Days before Congress closes for its Christmas break, negotiators reached a bipartisan budget deal that would avoid a government shutdown for at least two years.
The deal - if passed as expected - includes a two-year truce on the kind of legislative battle that led to the shutdown in October.
Though criticised for being limited in ambition, it drew support from US President Barack Obama as well as a number of leading Republicans, including House of Representatives Speaker John Boehner.
Mr Obama called it a "good first step" and an important signal that deeply polarised Washington could still find common ground.
"This agreement doesn't include everything I'd like - and I know Republicans feel the same way. That's the nature of compromise," he said.
"But it's a good sign that Democrats and Republicans in Congress were able to come together and break the cycle of short-sighted, crisis-driven decision-making to get this done. That's the way the American people expect Washington to work."
Mr Boehner's statement similarly hailed the "positive step forward" although he was relatively less effusive.
He said: "Federal spending remains on an unsustainable course. Whether it is offering a plan to balance the budget, strengthen the federal safety net, or cut wasteful spending on behalf of hardworking taxpayers, only one party has led efforts to bring fiscal sanity back to Washington."
The deal is far from a grand bargain between Republicans and Democrats, and leaves both sides with things to be unhappy about.
Democrats had to walk away from their push to include an extension to long-term unemployment benefits as part of the deal, while Republicans have to now accept that the severe across-the- board budget cuts they secured in 2011 will be replaced by gentler spending reforms.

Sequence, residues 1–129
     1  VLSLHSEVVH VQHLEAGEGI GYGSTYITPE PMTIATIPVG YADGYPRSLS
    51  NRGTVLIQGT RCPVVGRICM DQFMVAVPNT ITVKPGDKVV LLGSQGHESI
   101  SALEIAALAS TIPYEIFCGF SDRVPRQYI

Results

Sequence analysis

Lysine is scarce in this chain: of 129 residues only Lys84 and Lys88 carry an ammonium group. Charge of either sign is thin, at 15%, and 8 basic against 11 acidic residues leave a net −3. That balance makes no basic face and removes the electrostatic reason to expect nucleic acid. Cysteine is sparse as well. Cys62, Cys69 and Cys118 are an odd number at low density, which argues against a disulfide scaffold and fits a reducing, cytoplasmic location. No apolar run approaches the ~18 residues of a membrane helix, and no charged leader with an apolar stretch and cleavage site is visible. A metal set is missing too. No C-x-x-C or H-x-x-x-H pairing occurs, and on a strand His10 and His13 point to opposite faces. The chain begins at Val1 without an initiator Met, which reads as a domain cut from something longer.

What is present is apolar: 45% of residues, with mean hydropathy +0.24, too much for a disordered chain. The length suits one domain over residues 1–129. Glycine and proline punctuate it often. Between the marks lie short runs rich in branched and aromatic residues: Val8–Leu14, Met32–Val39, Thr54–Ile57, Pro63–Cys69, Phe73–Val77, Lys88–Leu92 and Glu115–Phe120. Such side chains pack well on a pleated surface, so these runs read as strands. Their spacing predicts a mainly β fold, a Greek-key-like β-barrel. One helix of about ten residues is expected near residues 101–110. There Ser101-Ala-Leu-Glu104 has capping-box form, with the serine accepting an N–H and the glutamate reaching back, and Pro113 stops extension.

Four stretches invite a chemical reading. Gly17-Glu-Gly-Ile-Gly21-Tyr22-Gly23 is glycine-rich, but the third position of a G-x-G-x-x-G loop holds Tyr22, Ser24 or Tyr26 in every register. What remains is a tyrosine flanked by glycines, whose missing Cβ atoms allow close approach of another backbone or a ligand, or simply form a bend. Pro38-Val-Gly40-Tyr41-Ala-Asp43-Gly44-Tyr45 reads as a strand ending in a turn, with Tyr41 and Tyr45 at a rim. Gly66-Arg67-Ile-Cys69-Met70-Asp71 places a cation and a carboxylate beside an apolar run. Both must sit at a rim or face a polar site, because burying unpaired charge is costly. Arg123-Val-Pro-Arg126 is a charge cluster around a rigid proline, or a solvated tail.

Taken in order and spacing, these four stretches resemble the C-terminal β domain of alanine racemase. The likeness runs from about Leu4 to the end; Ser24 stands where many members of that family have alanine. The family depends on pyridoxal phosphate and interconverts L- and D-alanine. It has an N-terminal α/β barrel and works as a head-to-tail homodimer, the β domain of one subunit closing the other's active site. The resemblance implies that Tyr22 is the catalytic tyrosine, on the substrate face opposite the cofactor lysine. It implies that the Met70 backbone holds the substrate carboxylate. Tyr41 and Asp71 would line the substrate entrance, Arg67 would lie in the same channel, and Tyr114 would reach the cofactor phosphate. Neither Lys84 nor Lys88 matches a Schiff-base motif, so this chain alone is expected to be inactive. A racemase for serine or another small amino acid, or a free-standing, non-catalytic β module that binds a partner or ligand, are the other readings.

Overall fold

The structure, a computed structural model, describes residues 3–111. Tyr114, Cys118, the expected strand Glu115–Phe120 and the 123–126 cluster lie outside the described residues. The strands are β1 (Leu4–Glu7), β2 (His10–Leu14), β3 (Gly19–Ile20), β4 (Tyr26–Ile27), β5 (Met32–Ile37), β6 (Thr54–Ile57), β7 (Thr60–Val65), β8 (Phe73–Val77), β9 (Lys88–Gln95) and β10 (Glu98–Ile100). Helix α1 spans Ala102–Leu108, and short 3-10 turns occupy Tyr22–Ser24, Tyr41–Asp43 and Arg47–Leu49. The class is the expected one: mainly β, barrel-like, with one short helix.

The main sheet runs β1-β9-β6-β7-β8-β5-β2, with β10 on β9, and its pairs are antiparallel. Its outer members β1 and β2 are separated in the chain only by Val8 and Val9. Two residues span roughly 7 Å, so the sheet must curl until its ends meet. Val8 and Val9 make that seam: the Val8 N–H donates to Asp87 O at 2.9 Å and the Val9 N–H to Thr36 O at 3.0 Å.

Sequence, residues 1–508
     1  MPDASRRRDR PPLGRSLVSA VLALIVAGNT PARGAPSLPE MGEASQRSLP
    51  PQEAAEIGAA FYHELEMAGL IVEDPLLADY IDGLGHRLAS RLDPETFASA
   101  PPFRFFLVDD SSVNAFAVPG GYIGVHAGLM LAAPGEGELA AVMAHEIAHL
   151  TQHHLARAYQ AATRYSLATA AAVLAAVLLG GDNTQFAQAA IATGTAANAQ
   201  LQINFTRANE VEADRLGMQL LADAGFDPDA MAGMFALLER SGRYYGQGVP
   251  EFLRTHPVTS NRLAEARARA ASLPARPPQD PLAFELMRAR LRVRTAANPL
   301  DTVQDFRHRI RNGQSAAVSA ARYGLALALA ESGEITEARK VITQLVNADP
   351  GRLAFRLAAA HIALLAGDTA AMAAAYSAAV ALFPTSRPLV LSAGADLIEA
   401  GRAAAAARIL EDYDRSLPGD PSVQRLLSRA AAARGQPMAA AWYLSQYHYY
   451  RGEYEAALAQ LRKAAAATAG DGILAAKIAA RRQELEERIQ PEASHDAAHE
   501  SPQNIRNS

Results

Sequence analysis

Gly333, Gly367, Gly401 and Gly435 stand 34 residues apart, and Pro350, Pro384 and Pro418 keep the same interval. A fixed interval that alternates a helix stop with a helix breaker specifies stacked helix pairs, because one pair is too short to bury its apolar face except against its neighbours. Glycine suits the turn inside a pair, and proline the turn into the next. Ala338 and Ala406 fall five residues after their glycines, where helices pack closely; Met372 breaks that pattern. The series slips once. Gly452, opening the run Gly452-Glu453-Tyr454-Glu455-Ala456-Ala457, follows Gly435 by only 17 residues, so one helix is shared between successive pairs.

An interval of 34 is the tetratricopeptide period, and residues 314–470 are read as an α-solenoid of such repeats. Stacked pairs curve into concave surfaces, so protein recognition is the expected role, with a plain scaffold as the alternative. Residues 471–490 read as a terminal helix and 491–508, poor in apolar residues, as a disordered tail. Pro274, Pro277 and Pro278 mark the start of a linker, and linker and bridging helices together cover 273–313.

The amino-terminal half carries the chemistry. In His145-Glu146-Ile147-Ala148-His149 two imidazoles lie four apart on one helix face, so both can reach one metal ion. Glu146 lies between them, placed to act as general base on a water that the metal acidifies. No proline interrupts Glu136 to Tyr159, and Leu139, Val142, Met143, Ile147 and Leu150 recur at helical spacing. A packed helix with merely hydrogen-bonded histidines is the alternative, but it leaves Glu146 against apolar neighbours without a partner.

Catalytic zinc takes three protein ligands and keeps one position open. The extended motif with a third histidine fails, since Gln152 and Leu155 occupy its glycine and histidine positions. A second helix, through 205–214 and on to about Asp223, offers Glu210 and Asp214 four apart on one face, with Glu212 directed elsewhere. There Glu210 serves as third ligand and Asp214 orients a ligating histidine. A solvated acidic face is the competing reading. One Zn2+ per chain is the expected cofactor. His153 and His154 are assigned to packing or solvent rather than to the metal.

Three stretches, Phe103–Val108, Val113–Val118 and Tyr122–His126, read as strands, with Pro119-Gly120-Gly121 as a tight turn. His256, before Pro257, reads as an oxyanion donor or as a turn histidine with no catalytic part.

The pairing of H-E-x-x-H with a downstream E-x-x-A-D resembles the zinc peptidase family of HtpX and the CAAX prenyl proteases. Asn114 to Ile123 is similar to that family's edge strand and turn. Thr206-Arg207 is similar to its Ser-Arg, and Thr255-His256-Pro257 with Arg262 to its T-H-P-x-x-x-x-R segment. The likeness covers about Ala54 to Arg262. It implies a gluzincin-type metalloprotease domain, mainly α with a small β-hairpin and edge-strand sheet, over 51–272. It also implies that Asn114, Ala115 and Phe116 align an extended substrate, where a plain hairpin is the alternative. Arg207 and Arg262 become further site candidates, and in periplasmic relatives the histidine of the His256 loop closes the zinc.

Conservatives who have made deficit reduction a core platform saw the 2011 cuts as a key victory, and are unhappy that the government will now be able to spend US$1.012 trillion (S$1.3 trillion) next year instead of the US$967 million set originally.
It also removes the possibility of the budget being held hostage at least until Sept 30, 2015. In October, an impasse caused the federal government to be shut down for 16 days, as Republicans refused to pass a temporary spending measure unless it included steps to roll back Mr Obama's signature health-care legislation.
Without Tuesday's agreement, both sides would have had to be back at the table by Jan 15.
The bulk of initial opposition to the deal brokered by Republican Representative Paul Ryan and Democratic Senator Patty Murray appeared to come mainly from the far right.
Republican Senator Marco Rubio, who is believed to be eyeing a run for the White House in 2016, issued a statement opposing the deal, saying that Americans "deserve better than this".
Yet both Mr Ryan and Ms Murray said they were confident that they would secure enough votes to get the budget passed by the end of the week.
Said Mr Ryan: "In divided government, you don't always get what you want... I think this agreement is a clear improvement on the status quo."
Ms Murray, for her part, said: "It is an important step in helping heal some of the wounds here in Congress."
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